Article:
The Classes - I've read a lot of the negative reports here stating that classes can get over 200+ people in them, especially in the first year or two. I'm not going to disagree, I've seen it first-hand, and I bet those classes are a nightmare if you really want to engage yourself in the coursework. I was lucky though, as I joined in the third year and took nothing but 300 and 400 classes. My biggest class had about 40 people in it, the smallest had 8 people. My teachers had plenty of time for me, should I ask them for help, and in all honesty I found them all to be friendly, warm and sharp people. Some were better than others, but even then I couldn't really complain about the worst ones, as they were still pretty good. I couldn't comment on the difficulties of a freshman math class though.

The Dorms - I lived in Cholla and, well in 2001 anyway, it was arguably one of the nicer places. It had palm trees, a pool, a BBQ pit, a sand volleyball court... to a visiting Brit it was practically a hotel. When I lived there we had a Dominos next door, there was a Circle K, a Kyoto Bowl, a McDonalds, a Whataburger, a booze-store, and a great little music shop that imported British-only dance music. Just up the road from us was a very ugly nightclub called The Acme Roadhouse which I never walked in to sober, but always exited drunk! Further up the road still was Club Rio, and a 20 minutes walk from Cholla was Mill Avenue. There was also a Safeway supermarket and an OscoDrug a 10 minutes walk south. I suppose the best way of putting it is that if a parent could hand-pick what environment surrounds their child then they certainly wouldn't cherrypick the Acme or Greasy Tony's Deli, but I think that once they see their child settling in and enjoying themselves, they'll forgive Tempe its racous indiscretions. Living-wise though? In Cholla? I never had a problem. It's a calm dorm, very rarely got loud, and the dorms are big. The washing machines all work, the fridges in the rooms are HUGE, you get a balcony, and the leisure facilities are great. It's basically like living in a 2-star hotel.

The Students - Two things: I ever went to High School in the US and I also sport a British accent. And I'm not talking about an Ozzy Osbourne accent, or a David Beckham accent either. No, my accent is rather "Colin Firth-like" or, perhaps, "Christian Bale-like". I must admit it sounds good and goes down well in ASU!

I will admit that it can be pretty difficult to meet a lot of people though, and to start off with most people that I met were my dorm neighbours, but I suppose that's almost organic anyway. Most people will meet their neighbours firstly, I guess. The campus is just SO big and SO full of people that it can have a detrimental affect on meeting people, as a lot of people keep their heads down and get on with being private.

ASU is not, repeat NOT, filled with superficial, fake people; douchebags, hoes, pimps, brahs, skanks, trash, or whatever else I've seen people called here. Don't get me wrong, ASU has plenty of the above, but it also has so many nice, friendly, warm, shy, and chatty people too. It's filled with people who are just as nervous about talking to you as you are them. You've just got to say hello now and again, you know? Like I said before, come out of your comfort zone for a few moments and say hello to that person.

Is there a lot of inconspicuous wealth at ASU? Honestly, not a huge amount. I didn't see too many people who were obviously millionaires or from millionaire families. I didn't see obviously wealthy people ostracising obviously poorer people. Sure, I saw 18 year olds driving Hummers and Corvettes, but I also saw 30x the amount of people driving regular cars, and thousands more walking everywhere. To me, it was just a good mixture of people on a huge campus. That was 9 years ago though, but I doubt THAT much has changed.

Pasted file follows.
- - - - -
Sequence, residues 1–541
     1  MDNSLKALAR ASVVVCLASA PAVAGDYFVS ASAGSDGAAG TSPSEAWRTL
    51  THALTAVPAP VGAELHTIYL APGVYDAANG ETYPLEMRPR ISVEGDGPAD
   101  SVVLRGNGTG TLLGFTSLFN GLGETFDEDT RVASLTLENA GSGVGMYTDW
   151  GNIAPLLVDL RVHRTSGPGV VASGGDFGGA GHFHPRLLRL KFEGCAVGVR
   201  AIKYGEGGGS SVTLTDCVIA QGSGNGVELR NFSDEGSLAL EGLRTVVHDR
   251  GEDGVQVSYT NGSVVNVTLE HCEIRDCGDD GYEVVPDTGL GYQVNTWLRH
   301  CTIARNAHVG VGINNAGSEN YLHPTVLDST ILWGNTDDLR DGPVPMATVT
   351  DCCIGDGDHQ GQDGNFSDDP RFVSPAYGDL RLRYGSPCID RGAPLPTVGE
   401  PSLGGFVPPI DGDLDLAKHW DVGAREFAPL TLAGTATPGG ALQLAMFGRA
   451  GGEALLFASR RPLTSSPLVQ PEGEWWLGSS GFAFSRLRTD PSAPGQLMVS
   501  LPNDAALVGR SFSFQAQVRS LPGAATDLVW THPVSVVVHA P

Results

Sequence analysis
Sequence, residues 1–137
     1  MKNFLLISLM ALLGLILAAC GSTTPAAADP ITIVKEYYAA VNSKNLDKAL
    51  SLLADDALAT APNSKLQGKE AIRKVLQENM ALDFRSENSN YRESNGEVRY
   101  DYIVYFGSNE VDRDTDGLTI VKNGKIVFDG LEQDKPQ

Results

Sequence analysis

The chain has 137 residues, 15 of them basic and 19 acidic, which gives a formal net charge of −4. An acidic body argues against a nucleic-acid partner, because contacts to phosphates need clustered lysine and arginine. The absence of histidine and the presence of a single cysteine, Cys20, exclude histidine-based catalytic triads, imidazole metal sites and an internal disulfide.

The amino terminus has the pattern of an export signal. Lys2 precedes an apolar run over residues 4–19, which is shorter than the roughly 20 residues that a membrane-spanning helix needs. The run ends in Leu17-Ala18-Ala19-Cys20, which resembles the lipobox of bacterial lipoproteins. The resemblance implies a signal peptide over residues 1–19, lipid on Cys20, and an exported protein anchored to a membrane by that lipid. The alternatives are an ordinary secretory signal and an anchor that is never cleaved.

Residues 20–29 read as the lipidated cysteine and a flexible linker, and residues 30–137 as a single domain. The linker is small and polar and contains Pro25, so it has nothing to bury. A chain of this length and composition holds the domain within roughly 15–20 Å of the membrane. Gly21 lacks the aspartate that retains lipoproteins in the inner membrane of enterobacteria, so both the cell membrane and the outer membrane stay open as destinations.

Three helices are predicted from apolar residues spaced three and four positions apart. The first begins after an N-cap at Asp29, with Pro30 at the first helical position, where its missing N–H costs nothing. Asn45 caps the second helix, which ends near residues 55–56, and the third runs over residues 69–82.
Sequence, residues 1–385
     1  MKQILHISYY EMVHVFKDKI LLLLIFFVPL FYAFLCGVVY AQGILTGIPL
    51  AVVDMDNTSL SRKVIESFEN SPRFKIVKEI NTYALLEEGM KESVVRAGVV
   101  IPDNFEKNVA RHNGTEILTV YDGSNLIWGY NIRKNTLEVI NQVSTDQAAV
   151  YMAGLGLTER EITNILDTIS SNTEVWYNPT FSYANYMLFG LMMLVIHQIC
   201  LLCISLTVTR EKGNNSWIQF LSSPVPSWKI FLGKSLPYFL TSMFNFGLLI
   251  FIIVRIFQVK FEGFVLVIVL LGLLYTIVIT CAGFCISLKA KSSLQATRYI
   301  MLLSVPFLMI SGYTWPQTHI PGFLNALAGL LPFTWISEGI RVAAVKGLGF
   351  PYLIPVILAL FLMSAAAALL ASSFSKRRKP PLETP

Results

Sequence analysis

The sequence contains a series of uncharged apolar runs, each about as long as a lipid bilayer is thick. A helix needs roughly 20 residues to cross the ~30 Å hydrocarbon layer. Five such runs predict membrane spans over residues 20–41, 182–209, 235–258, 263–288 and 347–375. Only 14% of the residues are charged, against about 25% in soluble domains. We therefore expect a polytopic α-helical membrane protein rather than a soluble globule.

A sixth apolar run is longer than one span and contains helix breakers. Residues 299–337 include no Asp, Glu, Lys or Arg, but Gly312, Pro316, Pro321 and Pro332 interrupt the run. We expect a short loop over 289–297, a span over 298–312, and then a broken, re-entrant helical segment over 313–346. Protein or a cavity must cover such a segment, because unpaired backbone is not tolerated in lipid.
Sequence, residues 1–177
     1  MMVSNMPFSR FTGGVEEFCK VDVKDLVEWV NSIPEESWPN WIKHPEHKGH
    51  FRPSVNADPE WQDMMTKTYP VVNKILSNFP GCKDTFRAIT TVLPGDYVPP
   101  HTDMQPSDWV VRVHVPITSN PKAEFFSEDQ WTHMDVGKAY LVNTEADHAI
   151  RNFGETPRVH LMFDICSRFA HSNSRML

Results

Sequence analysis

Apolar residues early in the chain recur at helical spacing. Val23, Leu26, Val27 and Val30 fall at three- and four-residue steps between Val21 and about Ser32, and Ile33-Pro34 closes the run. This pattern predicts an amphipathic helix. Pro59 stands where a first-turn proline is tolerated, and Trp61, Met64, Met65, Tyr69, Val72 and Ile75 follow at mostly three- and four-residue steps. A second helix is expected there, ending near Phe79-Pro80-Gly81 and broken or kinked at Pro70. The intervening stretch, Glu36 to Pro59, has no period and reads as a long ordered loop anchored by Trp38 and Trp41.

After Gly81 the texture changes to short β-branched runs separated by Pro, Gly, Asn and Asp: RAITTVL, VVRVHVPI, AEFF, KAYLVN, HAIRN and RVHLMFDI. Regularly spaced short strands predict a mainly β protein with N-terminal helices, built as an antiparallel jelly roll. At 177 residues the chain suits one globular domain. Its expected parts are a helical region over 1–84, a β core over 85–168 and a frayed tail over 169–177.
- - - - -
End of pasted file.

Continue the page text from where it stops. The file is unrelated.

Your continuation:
The Faculty - I can only really say good things. Coming over from the UK and joining in the third year, from a curriculum that was far, far removed from the American; I technically couldn't just register for ANY class because I had not taken any of the 100 and 200 pre-requisites. This meant that for every class I wanted to take I had to speak with the head of department, the class teacher, and even the dean. From what I saw there, everyone was just so friendly and switched on and helpful. That's all I can say, really; everyone went out of their way to make sure I wasn't taking an unsuitable class, or wasting my time.

The Surrounding Area - Tempe is, by and large, a pretty bland town. It's 4 miles across and 11 miles long and about 38 of those square miles could be the background of a Hanna-Barbera cartoon. Dull, repetitive, low-rise, dull, repetitive, dull and repetitive. However there are about 3 square miles of spectacular prettiness!! The campus is gorgeous! Mill Avenue, 5th and 6th, Tempe Beach Park, College, Myrtle and Rio Salado are all just so lovely. Stuffed in to these parts are bars, restaurants, shops, coffee-places, delis, a beach, a mountain, Corporate HQ's, about 3 stadiums, a Golf Course, and lots of stunning, cutting-edge new high-rise condos. It's a marvellous little square mile-or-two, and the town hall is an upside-down pyramid!

Your first year will be spent living in a dorm, and I doubt you'll ever need a car. After your first year you may want to find a new place to live; all I can heartily recommend is that you try, try, try to stay within walking distance of campus. If you can keep it so you're walking to ASU every day then I really do think that "car frustrations" that people have in Tempe (and they're genuine - mainly OTHER drivers and lack of parking spaces) will be avoided.

For breaksfast go to Harlows or IHOP; for lunch go to Ruby Tuesday; for dinner you can go to Oreganos, PF Chang, Uno, Sammy's Woodfired, The Bamboo Club or, if you have a car, The Claim Jumper.